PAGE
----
From Red Envelopes to Private Equity

China’s appetite for overseas investment over the last decade has been nothing short of voracious. The magnitude of deal flow and dollar flow has been staggering—rising tenfold from just $22.6 billion in 2007 to $246.7 billion in 2016. But such rapid growth in outbound investment has not been spread evenly across industries. As I have written elsewhere on the Two Fen blog, Chinese outbound foreign direct investment (OFDI) in technology sectors had already overtaken investments in traditional energy in 2014.

But this shift did not happen in a vacuum. The enablers behind this change of taste in China’s outbound investment portfolio is a group of investors that has risen to prominence in recent years: private equity (PE) players and venture capitalists (VCs). The Chinese PE/VC industry is only a teenager when compared to more mature investor communities in the United States, having burst onto the scene only around the turn of this century, according to China First Capital’s recounting. Yet in the ensuing 16 years, the PE/VC industry in China has ballooned in both size and volume from next to nothing. Today, mainland China has in fact surpassed Japan as the largest PE/VC investor base in Asia, home to 27% of Asian PE/VC players (see Figure 1).

Figure 1: Regional Distribution of Asian PE/VC Investors  
Source: Preqin.

Still, although Chinese PE/VC firms are relatively young, they are actually populated by old hands in the finance industry. All six founders, co-founders, and CEOs of the five largest Chinese PE/VC firms were educated in the United States and returned to China to set up their funds. With deep industry knowledge and extensive networks across borders, this class of Chinese investors is especially active in making large deals—that is, equity investments of over $100 million. According to the Bloomberg China Deal Book, since January 2016, eight of the eleven $100 million deals emanating from Chinese sources were led by this coterie of Chinese investors.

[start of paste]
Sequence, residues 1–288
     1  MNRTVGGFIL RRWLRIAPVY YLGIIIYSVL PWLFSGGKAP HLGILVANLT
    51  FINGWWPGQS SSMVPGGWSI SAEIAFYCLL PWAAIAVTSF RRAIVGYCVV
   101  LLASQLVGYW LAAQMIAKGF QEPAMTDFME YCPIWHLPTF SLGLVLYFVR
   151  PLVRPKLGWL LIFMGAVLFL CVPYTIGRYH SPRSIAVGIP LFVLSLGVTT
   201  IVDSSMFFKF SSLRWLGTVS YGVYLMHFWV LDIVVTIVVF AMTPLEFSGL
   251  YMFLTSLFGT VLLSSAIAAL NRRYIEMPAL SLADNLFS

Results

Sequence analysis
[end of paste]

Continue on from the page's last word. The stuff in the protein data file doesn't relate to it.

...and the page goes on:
And this Chinese industry has been growing, in spite of an overall global decline in PE/VC investments. In 2016, Chinese PE/VCs raised $73 billion of total funds, a 48% jump from the previous year, while the rest of the world dropped slightly from $298 billion to $263 billion. Their fundraising prowess has likely given this group of Chinese investors more ammunition and a competitive edge. In 2016, for example, they doled out $223 billion, accounting for more than 70% of global PE/VC deals (see Figure 2).

Figure 2. Chinese PE/VC-led M&A Vs. Rest of the World (in $ billion)
Source: PwC and author’s analysis.

These changing dynamics have important implications for global capital, entrepreneurs seeking growth capital, and local communities and US firms looking for partnerships with foreign investors. Having arrived quietly on the scene, Chinese PE/VC firms have already become a global force in bolstering Chinese outbound investment and deploying capital. And their influence is likely to grow in coming years.

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